Seeing double at tender age of 90 TWICE AS FUN: The Hornery twins of Parkes, Marie Mullin and Merle Christie, celebrated their 90th birthday in style with a lunch at the Parkes Services Club in January. Photo: Maree Grant Photographic Design
BIRTHDAY: Merle Christie and Marie Mullin look back on 90 years together. The image on the wall is a photo of them in their younger days. Photo: Maree Grant Photographic Design
TweetFacebookThe following details have been taken from an excerpt of the family’s history:
The twins were the youngest of a family of 11.
They lived at Gunningbland and were born at “Niola” Parkes on the 18th of January 1927.
They weighed 2 ½ and 3 LB and told by their eldest sister could fit in a shoe box.
They went to school at Gunningbland until 1940 then moved to Parkes School for 1 year.
Their father was a ganger on the Railway at Gunningbland.
We had several jobs over the years.
We worked at the shoe factory and glove factory in Court Street in the 1950’s where the telephone exchange used to be.
Also we worked at Ashcroft’s ice-block factory in Bogan Street.
We lived in Bogan Street at 71 in the next block up and rode our push bikes to and from work.
Merle worked at Cook’s Delicatessen in Clarinda Street for many years.
Then at Parkview Motel and Coach House and Littler’s Shop in Dalton Street (where the bottle shop is now).
Over the years Marie and I did house work for a lot of people around the town.
Then Marie and I took on the contract mail-run to Alectown town, in our Morris Minor.
We turned our home in Phoenix Street into a boarding house.
We had up to six boarders at one time.
That was the happiest working days of our lives.
Marie married Chris Siviour in 1971.
But sadly Chris was killed in a car accident in 1979.
Chris and Marie loved dancing.
Marie remained in Forbes about 25 years.
Became interested in carpet bowls for many years and won lots of trophies.
Marie also did voluntary hair dressing at the old people’s home for some years and did house work on a farm and cleaning at a school.
Marie also met Jimmy Pout and he was a great friend for Marie for 12 years.
Eventually Marie came back and lived in Cecile Street Parkes in 2002.
Marie married John Mullin. Since then they have travelled all over Australia and Tasmania by car.
John is 86 and still driving and loves driving.
I met Cliff on the 10th of June in 1975 and was engaged on 27th June (17 days) and married on 16th August 1975 (6 weeks later).
We do a lot of dancing and play indoor and outdoor bowls.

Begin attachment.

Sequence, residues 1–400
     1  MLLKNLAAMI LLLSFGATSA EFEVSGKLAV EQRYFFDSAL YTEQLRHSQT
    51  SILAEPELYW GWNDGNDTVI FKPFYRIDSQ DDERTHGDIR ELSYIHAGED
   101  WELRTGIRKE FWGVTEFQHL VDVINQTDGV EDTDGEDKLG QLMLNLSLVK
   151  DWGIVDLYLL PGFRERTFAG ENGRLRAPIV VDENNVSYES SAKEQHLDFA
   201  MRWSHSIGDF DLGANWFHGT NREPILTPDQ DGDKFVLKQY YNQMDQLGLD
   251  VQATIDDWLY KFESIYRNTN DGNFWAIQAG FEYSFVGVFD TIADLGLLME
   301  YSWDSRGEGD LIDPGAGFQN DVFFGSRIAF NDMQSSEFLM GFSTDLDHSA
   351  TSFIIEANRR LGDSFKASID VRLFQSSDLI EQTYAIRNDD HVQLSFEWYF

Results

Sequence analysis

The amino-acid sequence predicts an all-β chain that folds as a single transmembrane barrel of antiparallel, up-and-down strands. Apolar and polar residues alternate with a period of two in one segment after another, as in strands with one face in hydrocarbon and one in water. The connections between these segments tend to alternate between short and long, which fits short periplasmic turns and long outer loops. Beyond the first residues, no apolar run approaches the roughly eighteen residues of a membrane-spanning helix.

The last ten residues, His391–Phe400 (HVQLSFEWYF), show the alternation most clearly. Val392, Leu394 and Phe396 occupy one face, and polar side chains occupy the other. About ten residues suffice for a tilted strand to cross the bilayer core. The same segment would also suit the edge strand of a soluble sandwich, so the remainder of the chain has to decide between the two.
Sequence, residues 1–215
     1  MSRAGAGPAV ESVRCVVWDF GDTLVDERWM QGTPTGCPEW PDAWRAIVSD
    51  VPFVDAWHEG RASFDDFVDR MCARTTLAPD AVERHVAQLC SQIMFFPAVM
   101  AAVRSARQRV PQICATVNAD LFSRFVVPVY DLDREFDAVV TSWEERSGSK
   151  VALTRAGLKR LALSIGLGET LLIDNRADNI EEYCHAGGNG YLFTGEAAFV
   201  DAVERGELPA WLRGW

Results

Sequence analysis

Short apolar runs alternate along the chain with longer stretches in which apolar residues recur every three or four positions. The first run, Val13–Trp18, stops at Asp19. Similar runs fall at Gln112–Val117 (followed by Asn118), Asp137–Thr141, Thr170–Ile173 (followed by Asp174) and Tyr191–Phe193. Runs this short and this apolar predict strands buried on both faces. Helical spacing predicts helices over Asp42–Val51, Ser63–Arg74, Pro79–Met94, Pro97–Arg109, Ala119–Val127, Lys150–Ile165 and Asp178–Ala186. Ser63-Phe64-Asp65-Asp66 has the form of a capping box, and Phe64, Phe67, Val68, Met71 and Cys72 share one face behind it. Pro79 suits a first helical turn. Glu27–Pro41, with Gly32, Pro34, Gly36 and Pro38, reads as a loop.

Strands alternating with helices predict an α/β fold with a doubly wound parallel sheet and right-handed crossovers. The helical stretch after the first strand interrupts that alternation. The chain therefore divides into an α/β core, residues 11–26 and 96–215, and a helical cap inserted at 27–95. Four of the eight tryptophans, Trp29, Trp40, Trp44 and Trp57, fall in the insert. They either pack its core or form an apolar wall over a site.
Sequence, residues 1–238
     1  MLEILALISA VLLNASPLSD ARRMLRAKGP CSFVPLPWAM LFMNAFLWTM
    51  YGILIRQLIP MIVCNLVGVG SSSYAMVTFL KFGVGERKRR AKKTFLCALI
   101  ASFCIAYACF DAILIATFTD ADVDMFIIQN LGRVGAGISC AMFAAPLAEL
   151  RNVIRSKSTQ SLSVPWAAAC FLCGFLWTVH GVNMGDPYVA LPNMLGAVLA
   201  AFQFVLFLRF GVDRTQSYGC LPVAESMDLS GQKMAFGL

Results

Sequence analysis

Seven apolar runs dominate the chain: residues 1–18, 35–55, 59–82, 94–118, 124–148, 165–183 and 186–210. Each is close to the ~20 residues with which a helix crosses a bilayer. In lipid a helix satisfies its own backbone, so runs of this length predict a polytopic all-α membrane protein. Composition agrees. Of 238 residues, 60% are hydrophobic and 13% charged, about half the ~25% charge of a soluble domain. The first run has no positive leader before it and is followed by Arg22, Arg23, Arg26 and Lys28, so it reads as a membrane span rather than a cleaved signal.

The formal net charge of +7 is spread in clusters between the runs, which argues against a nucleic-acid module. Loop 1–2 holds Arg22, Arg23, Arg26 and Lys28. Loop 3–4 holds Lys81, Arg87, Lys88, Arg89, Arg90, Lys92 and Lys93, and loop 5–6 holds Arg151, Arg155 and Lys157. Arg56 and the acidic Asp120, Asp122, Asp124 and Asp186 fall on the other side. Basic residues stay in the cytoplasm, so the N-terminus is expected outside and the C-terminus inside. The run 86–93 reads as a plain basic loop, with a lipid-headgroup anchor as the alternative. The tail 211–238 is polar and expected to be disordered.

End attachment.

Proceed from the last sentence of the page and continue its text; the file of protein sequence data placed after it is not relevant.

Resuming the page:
Cliff plays indoor bowls.
Cliff and I went to Fiji on the “Arcadia” for our Honeymoon and have travelled all over Australia to W.A. twice on bus trips and several times to Tasmania by boat and air.
Cliff’s family comes from Tasmania.
We lived in Belmore Avenue from 1975 to 1980.
We built a home in Jubilee Street in 1980 and lived there until 2010.
Then in 2010 we moved to Dalton Street where we are at present 2012.
Written by Merle and Marie
Our Cottage in Gunningbland 1920 – 1940
We lived in Gunningbland in a remarkable little three bedroom home, built by our father and helped by our eldest brothers and Mr Bamble.
The house was built of round pine boards and flat tin.
The foundations were made of sleepers which Dad bought off the railway (Dad was a foreman settler) for about 4 pence each.
The house had a very large kitchen with stove and fireplace at one end.
There were 11 children in our family.
Our mum was a wonderful cook and could make a meal out of anything.
Mum always had a beautiful garden of vegetables and flowers.
As things were pretty tough and a lot of mouths to feed, Mum sold vegetables to the neighbours around the district.
Dad built an underground well also a dam near the house for our water supply.
Dad also had grey hounds, he used to feed them on toast and fat and eggs.
We remember clearly the two main bedrooms had “built in wardrobes” “curtains across the corner on a curtain rod”
We remember clearly the split level between kitchen and dining room was a very high step.
We remember the older members of the family would all gather around the piano (Thelma playing) having a sing-song also playing cards.
There would be a lot of young people there and a tasty supper afterwards, but we can never remember any alcohol in the house.
Although Dad always had a few bets on the races.
Dad always had a roll of notes in the bed-post (brass).
It was a happy house. Mum always had some one calling for a chat on cup of tea.
The kitchen lino was painted by mum.
The lattice on the front (put on later was made by 5” x 2” slats).
We also had the biggest fern house, you could walk through it and the biggest drip-safe.
Mum also had 3 to 4 cows to milk, she used to separate and sell the butter, milk and eggs.
We had a big enamel dish on the stove and used to skin the cream off the top.
Mum also reared the calves and had quite a few pigs to eat all the scraps.
She use to smoke her own bacon and make brine for pickled pork.
We also remember a row of “Chrysanthemums” down the side of the vegetable garden down towards the old toilet hidden with a lot of bamboos.
Mum and Dad had an enormous vegetable garden and sold the vegetables.
Mum boarded the men at the wheat silos every year for mid-day lunch.
Marie and I used to run and meet them and get a piggy ride-back on their shoulders.
We had a big row of grape vines down the western side of the house and plenty of peach trees.
What a wonderful world it would be today if everyone worked like our Mum and Dad.
P.S. Our Mum had to milk the cows, because the cows wouldn’t let the milk down for Dad (he had no patience with them).
P.S Mum was a good cook.
Meat pies, sausage rolls, apple pies, lemon pies, plum puddings, her special was two rounds of pastry filled with jelly and icing on top, lovely custards and plenty of cream also rhubarb pies and also bacon and eggs.
Written by Merle and Marie
This story Administrator ready to work first appeared on Nanjing Night Net.